Toys are a fine thing to have, or to have the use of, for relaxation, learning, letting off steam and many other things. We all like some toys better than others, but a new toy is fun to experiment with, an old, familiar toy is a comfort and a friend, and a desired, but not yet acquired toy can be an incentive and a challenge. What we must remember is that objects are toys, living beings are not, and should never be considered so. If you damage, physically or emotionally, a living being you, or they, may not be able to repair that damage. When you purposely damage a non-living object, you may not be able to repair it, but the only living thing you may have damaged would have been yourself. This is no good thing either, but is less damaging to more parties, and may prompt you into a greater sense of responsibility than you displayed previously. We must decide when something can be considered a toy and when something is very definitely not a toy. Then we can make the choice whether to play games with an appropriate toy or risk damaging something that is not a toy at all. Would you choose not to choose, or would you choose to think before acting?
There are times when we just don’t want to hurry, we want to slow our neck-breaking pace to be able to look around, we want to take our time and feel comfortable. we don’t want to go to sleep right now, we want to wander around and relax; doing, reading, or thinking just one more thing. Dawdling is usually associated with children who lag when you are trying to get somewhere, pull your hand while they try to examine something to the side, or whine about going to bed. Though it doesn’t seem so dawdling is most often a function of curiosity, not of laziness or whining dislike of whatever is to hand. If we weren’t curious about the world around us or inside us we wouldn’t be tempted to slow down and observe things closely enough to understand them and ponder them in a leisurely way. It can be a real pleasure to relax with one’s own thoughts and not be hurry, hurry, hurrying to accomplish so much in the limited time we believe have, but it can also be difficult to slow down. It’s odd that a lot of the time we must make an effort to look around and truly see what we are looking at and allow ourselves to have complete thoughts about it. Don’t you think dawdling could help us slow down a bit and observe a bit more?
When it is time to take some time away, to have a vacation, to rest, relax, and rejuvenate we tend to gravitate toward activities that we enjoy and to spend time with people we enjoy being around. But part of what makes a vacation a vacation or that makes time away revitalizing is to spend at least part of it not doing anything. Time spent unfocused, not striving toward any goal, no matter how much we enjoy the physical or mental engagement, is as essential to our well-being as focused relaxation. This drifting can be as difficult to achieve as activities more demanding, yet one should not avoid some passive time, just for oneself, if one is hoping for complete relief from the stresses and obligations of everyday life. Doesn’t that make sense to you?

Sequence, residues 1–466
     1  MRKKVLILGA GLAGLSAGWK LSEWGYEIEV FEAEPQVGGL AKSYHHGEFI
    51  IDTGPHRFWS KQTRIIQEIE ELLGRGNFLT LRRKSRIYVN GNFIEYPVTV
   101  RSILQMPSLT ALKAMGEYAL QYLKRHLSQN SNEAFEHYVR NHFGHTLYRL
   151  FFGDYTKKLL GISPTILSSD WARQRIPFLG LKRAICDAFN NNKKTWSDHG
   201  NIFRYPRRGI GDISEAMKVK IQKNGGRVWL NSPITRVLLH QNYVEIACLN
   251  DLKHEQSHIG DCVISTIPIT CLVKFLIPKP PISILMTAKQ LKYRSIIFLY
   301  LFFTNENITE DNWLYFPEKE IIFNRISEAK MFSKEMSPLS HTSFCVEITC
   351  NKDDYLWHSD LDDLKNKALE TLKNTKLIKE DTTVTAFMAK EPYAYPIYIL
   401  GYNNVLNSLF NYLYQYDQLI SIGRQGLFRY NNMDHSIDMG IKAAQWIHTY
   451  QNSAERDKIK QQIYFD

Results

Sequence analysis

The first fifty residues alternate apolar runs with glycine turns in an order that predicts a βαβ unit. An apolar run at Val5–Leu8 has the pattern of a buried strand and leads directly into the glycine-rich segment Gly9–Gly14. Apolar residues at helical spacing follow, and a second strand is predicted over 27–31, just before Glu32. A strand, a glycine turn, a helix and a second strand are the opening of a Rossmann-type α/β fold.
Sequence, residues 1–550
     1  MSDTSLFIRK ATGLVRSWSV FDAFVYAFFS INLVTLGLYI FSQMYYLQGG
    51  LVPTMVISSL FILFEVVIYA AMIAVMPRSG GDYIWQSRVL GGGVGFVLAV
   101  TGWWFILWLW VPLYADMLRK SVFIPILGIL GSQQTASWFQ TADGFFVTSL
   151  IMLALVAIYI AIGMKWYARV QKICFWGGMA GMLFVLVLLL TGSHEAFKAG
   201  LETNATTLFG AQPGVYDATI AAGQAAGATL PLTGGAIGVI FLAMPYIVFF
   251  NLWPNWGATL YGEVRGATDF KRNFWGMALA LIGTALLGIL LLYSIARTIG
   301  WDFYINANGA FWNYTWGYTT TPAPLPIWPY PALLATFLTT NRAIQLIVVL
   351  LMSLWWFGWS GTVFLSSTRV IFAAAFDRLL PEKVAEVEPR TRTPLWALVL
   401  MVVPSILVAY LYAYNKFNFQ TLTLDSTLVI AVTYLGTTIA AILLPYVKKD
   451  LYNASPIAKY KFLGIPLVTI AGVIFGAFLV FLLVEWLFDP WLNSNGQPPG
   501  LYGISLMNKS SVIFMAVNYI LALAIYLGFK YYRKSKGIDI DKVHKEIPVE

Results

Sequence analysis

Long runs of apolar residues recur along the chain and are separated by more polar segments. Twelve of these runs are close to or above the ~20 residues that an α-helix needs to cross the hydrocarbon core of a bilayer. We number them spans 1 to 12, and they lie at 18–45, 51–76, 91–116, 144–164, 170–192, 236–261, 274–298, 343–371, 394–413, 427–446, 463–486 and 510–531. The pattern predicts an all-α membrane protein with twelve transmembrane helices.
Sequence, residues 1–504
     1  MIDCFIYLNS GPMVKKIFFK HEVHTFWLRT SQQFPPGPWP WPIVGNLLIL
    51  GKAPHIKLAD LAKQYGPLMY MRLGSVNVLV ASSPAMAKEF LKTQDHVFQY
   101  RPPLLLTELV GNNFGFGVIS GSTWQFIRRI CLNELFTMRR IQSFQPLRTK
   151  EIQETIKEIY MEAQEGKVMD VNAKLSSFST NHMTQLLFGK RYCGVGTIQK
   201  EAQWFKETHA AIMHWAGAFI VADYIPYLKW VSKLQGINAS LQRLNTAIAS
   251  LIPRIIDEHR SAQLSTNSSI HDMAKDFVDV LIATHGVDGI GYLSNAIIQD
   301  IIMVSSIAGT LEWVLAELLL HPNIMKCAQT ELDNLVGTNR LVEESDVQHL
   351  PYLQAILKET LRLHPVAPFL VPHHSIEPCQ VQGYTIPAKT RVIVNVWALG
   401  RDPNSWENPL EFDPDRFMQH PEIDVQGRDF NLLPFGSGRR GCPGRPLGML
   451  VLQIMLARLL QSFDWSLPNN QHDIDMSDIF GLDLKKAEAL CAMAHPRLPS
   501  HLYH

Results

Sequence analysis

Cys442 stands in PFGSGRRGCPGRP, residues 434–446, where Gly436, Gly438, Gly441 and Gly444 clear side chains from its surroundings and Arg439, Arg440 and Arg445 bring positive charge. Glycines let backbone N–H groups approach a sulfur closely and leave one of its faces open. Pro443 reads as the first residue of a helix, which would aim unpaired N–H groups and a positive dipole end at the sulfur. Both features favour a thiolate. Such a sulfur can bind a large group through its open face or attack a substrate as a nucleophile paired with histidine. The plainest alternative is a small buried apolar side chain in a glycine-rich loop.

I’m off to drift, unfocused, on the tide for a couple of weeks. I’ll be in touch when I return.
All of us have gone astray at times and found ourselves lost in an unkown sea, adrift on the tide with no real idea where we are or how to get to where we meant to be going.This can be a good thing if we have the time and inclination to explore our surroundings, but sometimes we must be somewhere at a specific time or do something by a specific date and cannot afford to be drifting lazily along. When it is possible to spend some time drifting, it is wise to allow oneself no control over the direction one is headed and to take events as they occur. This is quite relaxing and allows emotions and feelings to come to the surface that are normally buried beneath mundane or troublesome emotions and feelings. There are a number people who find it quite difficult to enjoy such unstructured times and are very uncomfortable with the loss of their own initiative and their ability to make choices. This is a shame since one can find initiative and decide which choices we’re going to make by letting go of control and drifting, letting whatever comes to the surface show itself in its own time; thus it will be fully assimilated and plans will be forthcoming. Now, if you’re adrift on a lee shore in the fog with torn sails and a broken engine you must act a bit more quickly, go into crisis mode: evaluate, plan, and act without pausing to reflect so much that you are lost. When it is not possible to reflect or ask for input it is helpful to have spent some less urgent time adrift so that all you really need to do is speed up your mental (and physical) action. Rehearsal is a good thing in that it prepares and teaches your mind and body to react in those rehearsed ways instead of having to work everything out. Reacting quickly and getting oneself out of trouble is also something one can be proud of, if you didn’t get yourself into the trouble in the first place. Adrift under pressure and adrift lazily can both be positive experiences and satisfy different mental and emotional needs. Would you like to see yourself adrift in both ways?